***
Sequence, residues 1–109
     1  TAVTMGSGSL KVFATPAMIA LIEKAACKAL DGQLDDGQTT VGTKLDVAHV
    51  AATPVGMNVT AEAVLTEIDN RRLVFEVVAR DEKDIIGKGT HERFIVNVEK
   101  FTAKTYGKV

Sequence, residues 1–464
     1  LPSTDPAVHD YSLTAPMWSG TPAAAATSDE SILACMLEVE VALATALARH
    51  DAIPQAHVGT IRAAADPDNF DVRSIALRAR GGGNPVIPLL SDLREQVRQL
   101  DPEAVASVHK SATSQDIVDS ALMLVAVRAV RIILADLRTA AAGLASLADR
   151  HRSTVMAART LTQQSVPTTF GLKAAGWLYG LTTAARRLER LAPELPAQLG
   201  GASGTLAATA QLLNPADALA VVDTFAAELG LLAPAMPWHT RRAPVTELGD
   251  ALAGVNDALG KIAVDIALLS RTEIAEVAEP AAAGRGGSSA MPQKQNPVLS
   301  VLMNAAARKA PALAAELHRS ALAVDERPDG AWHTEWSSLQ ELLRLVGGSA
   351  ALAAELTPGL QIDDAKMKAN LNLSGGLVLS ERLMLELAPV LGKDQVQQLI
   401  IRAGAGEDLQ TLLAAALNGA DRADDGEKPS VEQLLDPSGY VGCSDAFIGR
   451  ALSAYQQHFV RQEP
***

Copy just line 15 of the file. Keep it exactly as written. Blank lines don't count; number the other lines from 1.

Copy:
   451  ALSAYQQHFV RQEP